Equine infectious anemia (EIA), also known as swamp fever, is an infectious and potentially fatal viral disease that affects all equines. The infection is blood-borne and transmitted by blood-feeding insects carrying the virus. Researchers from the University of Kentucky, in conjunction with researchers at the University of Pittsburgh and Istituto Zooprofilattico Sperimentale delle Regioni Lazio e Toscana, in Rome, Italy, have been looking into options for more accurate diagnosis of EIA.

By comparing results from current testing methods, the researchers recommend a three-tiered approach to testing for EIA.

In the 1970s, Leroy Coggins, DVM, invented the first reliable assay to diagnose EIA–the commonly known and popular Coggins test that determines EIA antibody presence in a blood sample. For decades the Coggins test has been required in movement of all horses and is currently the gold standard as a serological diagnosis of EIA. A negative Coggins test is usually required for a horse to be imported from another state or country. A positive test result, however, requires that the horse be euthanized or quarantined for the rest of its life, affecting the horse industry significantly.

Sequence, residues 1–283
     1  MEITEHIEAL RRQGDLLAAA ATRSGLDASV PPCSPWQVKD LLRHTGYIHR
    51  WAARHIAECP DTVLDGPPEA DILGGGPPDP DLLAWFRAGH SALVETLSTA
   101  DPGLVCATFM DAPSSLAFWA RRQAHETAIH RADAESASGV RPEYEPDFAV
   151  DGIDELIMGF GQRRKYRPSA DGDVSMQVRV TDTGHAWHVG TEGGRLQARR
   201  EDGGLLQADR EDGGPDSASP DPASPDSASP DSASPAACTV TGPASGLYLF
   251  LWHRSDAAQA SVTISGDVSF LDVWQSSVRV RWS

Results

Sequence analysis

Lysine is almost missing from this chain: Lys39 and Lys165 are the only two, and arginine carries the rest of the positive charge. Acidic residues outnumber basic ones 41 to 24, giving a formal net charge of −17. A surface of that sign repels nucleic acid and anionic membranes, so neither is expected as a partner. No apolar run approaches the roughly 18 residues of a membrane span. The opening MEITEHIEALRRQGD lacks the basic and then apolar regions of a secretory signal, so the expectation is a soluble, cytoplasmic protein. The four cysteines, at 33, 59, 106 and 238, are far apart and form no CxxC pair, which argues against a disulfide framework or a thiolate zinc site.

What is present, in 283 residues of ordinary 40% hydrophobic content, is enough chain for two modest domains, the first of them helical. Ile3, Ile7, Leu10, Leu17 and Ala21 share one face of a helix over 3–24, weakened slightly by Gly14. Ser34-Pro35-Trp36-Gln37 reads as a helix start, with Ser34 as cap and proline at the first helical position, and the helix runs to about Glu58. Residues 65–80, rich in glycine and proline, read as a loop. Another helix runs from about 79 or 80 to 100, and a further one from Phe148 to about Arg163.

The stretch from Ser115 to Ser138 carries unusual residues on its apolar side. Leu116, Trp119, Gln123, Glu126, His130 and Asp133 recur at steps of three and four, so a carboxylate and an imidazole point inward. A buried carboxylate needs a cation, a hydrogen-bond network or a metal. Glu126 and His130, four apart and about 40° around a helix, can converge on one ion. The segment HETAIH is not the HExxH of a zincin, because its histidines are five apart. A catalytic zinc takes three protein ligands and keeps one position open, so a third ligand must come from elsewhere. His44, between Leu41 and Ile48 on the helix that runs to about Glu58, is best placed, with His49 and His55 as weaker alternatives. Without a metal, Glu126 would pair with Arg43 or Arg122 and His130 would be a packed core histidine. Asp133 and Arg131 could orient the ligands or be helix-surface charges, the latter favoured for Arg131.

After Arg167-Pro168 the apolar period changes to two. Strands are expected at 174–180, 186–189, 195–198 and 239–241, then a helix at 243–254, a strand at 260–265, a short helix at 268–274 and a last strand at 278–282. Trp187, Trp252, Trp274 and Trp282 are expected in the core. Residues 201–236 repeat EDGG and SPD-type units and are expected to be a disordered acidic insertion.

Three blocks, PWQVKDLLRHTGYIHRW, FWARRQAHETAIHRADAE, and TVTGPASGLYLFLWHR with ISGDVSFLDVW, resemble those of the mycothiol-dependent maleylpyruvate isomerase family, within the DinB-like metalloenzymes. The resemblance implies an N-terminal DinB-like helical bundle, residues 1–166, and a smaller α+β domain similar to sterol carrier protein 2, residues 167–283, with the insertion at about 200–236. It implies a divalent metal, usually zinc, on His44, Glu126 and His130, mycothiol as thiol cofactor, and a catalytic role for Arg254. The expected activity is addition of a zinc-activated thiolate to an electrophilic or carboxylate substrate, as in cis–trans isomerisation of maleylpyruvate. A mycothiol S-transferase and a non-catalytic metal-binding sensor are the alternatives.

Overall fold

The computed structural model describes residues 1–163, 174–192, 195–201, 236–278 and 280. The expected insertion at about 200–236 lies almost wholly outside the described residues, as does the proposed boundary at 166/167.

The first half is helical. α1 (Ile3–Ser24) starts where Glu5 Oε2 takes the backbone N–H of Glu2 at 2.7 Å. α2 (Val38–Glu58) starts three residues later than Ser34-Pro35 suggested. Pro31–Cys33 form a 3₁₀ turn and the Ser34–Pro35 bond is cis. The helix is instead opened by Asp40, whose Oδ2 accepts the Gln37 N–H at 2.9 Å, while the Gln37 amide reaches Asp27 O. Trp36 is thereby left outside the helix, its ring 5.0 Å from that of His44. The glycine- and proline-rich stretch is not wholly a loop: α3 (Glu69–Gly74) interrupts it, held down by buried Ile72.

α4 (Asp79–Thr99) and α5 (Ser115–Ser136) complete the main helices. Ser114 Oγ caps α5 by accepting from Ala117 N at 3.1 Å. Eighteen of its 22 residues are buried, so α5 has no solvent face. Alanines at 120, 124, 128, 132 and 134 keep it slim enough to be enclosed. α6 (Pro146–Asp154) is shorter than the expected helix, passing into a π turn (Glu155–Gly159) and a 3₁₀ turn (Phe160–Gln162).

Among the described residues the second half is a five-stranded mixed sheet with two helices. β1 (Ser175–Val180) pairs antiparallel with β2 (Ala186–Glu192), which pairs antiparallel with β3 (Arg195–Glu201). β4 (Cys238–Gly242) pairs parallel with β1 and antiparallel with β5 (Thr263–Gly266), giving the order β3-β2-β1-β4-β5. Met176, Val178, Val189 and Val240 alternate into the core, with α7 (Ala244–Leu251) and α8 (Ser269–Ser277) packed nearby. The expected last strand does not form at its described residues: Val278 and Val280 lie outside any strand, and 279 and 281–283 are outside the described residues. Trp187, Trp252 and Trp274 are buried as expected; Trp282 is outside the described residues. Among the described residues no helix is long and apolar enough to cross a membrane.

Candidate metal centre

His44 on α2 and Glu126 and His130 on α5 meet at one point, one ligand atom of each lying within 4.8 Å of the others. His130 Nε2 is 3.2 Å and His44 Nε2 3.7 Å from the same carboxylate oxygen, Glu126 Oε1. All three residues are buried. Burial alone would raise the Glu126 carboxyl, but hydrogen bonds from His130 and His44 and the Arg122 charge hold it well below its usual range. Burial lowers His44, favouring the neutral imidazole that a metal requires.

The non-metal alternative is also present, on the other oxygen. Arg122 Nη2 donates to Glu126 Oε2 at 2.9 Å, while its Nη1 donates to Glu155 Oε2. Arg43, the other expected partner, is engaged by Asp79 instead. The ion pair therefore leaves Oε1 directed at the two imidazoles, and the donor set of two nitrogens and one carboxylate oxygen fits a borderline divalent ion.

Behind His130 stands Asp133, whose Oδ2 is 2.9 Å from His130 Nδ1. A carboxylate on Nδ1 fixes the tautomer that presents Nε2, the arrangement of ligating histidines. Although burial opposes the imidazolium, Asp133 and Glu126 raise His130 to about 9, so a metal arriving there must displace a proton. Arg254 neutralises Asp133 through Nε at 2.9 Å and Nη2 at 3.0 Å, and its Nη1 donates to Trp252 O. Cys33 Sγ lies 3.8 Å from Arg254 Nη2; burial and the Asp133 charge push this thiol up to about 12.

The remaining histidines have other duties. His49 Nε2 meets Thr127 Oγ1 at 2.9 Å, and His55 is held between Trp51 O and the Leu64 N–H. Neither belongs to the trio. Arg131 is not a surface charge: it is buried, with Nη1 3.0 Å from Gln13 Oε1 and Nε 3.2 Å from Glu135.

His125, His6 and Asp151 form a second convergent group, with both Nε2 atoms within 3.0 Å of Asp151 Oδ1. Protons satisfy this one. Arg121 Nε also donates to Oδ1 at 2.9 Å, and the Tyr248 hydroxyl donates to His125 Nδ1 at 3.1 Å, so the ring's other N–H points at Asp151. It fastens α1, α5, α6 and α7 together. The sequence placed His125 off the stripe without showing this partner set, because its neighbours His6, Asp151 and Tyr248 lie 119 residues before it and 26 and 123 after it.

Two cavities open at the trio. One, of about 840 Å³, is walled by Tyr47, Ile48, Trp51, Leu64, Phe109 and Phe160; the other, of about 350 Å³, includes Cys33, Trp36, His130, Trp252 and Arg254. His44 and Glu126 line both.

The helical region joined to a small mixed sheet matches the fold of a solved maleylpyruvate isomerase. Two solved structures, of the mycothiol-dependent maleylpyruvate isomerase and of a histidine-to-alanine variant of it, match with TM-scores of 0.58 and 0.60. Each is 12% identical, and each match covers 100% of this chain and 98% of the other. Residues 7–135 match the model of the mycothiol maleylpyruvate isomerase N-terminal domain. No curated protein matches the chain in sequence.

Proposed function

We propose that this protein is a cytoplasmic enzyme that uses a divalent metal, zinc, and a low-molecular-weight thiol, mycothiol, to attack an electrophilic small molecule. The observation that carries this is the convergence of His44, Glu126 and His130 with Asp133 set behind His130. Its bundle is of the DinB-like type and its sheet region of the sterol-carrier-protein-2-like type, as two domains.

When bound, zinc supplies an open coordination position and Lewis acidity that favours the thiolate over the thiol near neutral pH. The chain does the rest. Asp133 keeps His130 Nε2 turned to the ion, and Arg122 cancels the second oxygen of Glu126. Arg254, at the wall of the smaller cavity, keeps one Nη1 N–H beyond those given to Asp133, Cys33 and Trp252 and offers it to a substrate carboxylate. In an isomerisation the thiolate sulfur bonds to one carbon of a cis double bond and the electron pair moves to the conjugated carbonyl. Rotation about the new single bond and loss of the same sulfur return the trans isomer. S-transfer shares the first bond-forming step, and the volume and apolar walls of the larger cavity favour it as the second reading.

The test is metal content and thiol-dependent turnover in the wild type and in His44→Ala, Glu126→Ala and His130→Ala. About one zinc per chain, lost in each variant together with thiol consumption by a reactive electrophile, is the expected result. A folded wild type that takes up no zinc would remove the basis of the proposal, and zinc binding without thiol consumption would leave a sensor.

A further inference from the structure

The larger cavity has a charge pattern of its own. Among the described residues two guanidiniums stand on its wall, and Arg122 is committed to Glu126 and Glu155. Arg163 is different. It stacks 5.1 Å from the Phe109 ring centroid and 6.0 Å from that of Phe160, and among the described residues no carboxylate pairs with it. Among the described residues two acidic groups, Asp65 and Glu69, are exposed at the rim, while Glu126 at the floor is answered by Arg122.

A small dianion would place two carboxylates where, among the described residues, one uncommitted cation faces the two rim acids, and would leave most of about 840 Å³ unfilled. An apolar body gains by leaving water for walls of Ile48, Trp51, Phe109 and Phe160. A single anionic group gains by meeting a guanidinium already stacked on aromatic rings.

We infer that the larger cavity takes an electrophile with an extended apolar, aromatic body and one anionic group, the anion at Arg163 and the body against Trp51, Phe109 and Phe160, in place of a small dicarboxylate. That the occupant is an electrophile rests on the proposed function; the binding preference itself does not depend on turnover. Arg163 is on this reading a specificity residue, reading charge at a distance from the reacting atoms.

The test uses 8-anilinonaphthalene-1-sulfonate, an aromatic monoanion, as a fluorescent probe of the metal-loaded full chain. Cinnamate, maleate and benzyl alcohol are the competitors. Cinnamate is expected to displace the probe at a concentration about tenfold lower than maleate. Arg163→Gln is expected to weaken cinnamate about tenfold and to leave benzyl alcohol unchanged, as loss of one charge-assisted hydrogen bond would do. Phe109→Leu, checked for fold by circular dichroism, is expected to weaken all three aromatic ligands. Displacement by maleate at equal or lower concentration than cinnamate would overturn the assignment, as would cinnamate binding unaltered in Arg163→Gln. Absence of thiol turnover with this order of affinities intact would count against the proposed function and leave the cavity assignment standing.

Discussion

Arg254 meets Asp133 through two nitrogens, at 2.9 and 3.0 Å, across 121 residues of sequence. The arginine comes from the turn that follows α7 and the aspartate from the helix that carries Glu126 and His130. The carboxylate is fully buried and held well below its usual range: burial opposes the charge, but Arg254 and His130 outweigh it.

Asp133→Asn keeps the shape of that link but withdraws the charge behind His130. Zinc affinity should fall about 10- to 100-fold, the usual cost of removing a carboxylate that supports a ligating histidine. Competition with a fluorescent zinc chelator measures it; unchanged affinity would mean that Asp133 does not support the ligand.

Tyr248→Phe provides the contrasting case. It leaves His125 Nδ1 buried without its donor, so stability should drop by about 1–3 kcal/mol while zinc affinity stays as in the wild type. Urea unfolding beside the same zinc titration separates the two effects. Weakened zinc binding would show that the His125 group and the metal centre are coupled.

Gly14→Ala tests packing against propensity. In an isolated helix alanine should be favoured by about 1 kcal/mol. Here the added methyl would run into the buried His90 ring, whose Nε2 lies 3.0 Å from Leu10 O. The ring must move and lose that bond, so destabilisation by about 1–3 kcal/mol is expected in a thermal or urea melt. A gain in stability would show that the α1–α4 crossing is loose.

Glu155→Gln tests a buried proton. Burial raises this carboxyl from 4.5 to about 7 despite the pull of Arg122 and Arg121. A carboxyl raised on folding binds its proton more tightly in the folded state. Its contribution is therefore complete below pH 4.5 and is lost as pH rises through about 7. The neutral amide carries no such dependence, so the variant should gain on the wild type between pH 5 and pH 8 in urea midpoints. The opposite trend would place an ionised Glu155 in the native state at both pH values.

Testing has expanded to about two million samples each year. The good news is that veterinarians rarely find animals with clinical signs associated with the infection. The major problem is primarily the hard-to-find and unapparent carriers of the virus. Optimized assays to detect the disease have therefore become increasingly important to the horse industry.

However, since the Coggins test’s introduction, scientists have developed several new enzyme-li